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Special edition: Sports Nutrition

Ban yohimbe just like ephedra, says EU sports nutrition sector

By Dr Adam Carey , 24-Apr-2014
Last updated on 24-Apr-2014 at 14:05 GMT2014-04-24T14:05:42Z

Yohimbe limbo reveals cracks in EU risk management and regulatory processes, says ESSNA
Yohimbe limbo reveals cracks in EU risk management and regulatory processes, says ESSNA

EFSA last year concluded the safety profile of herbal stimulant yohimbe is inconclusive. Ban it anyway, says the chair of the European Specialist Sports Nutrition Alliance (ESSNA) in this guest article.

It is not easy being a risk manager for foodstuffs in the European Commission: Often you are assailed from both sides for making difficult decisions on the basis of not an awful lot of evidence.

These decisions are important, however, not always because of the products in question but because of what they say about the Commission’s thinking on the whole issue of risk management.

For a number of months ESSNA, the association of 43 sports nutrition companies from throughout the EU that I chair, has been following the EC’s evolving  thinking on what to do with two fairly obscure substances: Ephedra and yohimbe.

On ephedra the conclusions are clear – the product is a risk to human health. As a result, the Commission has moved to ensure that it is prohibited.

What hinges on yohimbe…

The case of yohimbe is more interesting as the European Food Safety Authority (EFSA) view on its safety is inconclusive – though many in the industry agree that it should be prohibited as there are suggestions that it may be harmful to health.

However this situation is one such example of where the substance is perhaps less important than the Commission’s decision on how to manage availability.

ESSNA has little interest in the substances themselves but we have concerns about what the procedure could mean for other substances on which clarity is needed and which are a lot more important to the sports nutrition sector.

One reason why yohimbe in particular is less important is because it is already banned, or classed as a medicinal product, in the majority, if not all, of EU member states.

“under scrutiny”

Recognising this, the Commission asked EFSA for a view. As mentioned above, though EFSA were unable to give a definitive opinion on its safety, partly because it is so little used in food products, the Commission nevertheless recently put forward a proposed new Regulation that puts yohimbe on an “under scrutiny” list of products under the Fortified Food Regulation.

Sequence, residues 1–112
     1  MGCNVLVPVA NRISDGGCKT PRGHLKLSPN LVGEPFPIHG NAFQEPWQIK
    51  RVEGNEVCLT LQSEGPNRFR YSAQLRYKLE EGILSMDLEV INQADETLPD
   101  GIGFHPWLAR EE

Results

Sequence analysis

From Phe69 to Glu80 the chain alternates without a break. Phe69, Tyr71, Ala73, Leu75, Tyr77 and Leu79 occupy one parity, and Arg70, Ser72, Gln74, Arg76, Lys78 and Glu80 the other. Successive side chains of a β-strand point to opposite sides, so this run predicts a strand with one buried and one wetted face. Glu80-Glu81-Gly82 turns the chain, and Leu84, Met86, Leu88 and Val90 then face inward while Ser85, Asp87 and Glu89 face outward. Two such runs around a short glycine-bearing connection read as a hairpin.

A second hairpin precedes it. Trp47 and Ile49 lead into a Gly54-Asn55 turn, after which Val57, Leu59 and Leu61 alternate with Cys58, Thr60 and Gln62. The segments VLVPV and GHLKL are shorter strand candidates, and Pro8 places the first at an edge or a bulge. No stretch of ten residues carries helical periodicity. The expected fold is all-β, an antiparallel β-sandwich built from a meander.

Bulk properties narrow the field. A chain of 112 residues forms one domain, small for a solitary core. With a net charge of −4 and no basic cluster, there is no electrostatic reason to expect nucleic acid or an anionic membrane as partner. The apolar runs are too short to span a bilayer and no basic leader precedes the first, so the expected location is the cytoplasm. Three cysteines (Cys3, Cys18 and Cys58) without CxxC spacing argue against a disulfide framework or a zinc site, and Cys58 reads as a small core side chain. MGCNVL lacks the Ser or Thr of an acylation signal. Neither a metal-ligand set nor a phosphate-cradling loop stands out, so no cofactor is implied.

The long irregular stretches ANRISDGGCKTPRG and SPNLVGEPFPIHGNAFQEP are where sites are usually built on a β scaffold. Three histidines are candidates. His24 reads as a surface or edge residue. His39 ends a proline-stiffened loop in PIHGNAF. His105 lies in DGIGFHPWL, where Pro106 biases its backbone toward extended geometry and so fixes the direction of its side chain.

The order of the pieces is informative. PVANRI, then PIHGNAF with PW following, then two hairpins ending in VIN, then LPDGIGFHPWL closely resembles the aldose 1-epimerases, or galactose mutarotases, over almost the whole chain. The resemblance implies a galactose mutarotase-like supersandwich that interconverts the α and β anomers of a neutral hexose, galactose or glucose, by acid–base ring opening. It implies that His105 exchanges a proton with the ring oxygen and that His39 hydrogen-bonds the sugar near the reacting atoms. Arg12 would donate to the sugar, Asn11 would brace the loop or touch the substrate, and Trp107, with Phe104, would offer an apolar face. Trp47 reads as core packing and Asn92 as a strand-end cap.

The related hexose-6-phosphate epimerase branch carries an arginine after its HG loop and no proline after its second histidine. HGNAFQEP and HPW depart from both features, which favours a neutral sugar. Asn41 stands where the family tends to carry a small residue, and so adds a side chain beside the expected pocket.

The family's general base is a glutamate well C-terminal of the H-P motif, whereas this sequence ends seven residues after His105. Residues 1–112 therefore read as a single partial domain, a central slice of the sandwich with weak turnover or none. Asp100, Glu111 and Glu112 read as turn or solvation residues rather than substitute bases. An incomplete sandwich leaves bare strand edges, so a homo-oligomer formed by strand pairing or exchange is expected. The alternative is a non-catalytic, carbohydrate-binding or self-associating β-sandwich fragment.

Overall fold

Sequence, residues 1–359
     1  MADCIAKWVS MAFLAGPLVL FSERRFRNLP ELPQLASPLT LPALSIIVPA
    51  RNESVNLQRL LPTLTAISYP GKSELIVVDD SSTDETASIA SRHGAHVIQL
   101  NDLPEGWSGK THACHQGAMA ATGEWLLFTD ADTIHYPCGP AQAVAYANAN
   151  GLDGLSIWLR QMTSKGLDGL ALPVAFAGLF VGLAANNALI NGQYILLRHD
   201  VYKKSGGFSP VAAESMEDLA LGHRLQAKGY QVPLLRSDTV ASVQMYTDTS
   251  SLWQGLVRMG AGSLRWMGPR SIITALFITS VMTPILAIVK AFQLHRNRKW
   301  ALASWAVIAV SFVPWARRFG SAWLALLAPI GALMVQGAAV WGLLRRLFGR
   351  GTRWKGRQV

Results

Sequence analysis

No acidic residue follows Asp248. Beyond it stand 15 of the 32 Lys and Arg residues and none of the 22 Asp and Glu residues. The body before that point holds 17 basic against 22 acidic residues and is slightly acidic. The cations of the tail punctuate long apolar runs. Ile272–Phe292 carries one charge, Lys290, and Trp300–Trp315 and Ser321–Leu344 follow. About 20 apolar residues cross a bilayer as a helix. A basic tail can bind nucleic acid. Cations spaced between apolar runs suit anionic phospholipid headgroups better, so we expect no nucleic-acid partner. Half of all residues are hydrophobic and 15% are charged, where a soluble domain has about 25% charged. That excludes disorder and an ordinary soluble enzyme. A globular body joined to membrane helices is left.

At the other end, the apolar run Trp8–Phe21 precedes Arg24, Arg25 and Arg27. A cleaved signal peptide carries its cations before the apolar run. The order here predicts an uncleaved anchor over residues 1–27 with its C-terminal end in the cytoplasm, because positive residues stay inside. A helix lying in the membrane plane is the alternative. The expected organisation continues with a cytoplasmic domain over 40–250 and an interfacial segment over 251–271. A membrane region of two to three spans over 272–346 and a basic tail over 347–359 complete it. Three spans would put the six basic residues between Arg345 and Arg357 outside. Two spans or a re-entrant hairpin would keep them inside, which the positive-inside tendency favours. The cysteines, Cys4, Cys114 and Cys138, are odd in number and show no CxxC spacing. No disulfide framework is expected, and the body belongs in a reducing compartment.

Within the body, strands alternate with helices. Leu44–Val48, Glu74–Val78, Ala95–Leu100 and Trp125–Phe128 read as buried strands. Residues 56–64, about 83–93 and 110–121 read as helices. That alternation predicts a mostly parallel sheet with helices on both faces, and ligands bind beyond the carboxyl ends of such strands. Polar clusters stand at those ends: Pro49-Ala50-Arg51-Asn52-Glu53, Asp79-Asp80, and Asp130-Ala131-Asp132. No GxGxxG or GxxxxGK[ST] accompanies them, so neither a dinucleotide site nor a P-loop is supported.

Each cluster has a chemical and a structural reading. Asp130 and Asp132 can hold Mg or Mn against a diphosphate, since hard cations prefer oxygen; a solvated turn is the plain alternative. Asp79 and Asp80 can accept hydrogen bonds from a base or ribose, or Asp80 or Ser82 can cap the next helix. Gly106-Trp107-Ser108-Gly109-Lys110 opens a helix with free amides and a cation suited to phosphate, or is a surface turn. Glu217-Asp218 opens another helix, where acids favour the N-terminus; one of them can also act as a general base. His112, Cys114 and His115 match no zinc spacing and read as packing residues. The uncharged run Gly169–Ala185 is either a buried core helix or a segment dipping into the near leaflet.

ESSNA has spent the past 18 months taking action against those companies that sell products that contain illegal ingredients which may be harmful to consumers.

We have spent much time and much energy ensuring that, when they buy their sports nutrition shake or supplements, the average man or woman knows that the product is safe and effective. So why are ESSNA concerned about this substance being put on a Europe-wide watch list?

Because we think the Commission is not going far enough and, indeed, may be opening doors that could see products containing this substance coming to market. The Commission has another option – it could simply ban yohimbe entirely by putting it on its prohibited list.

Yohimbeen & gone?

There is much to recommend this, not least that it would harmonise the decision and give industry regulatory certainty. The fact is that the food sector in the EU has shown little interest in commercialising yohimbe: Banning it across all 28 member states would make little or no difference.

Not banning it, on the other hand, would allow a strange twilight situation to occur where companies within the EU do not market products containing yohimbe, but consumers are free to turn to mostly internet imports from outside of the EU from places with laxer regulations, such as the US. This sends the wrong message to both consumers and industry.

It is not often ESSNA calls for the banning of a substance, particularly where there is no definitive proof that it is harmful to consumers.

But this is a case that highlights some of the inconsistencies in the Commission’s approach to risk management and raises a number of troubling questions about the process itself and its future application to other substances.

Dr Adam Carey is chair of the European Specialist Sports Nutrition Alliance

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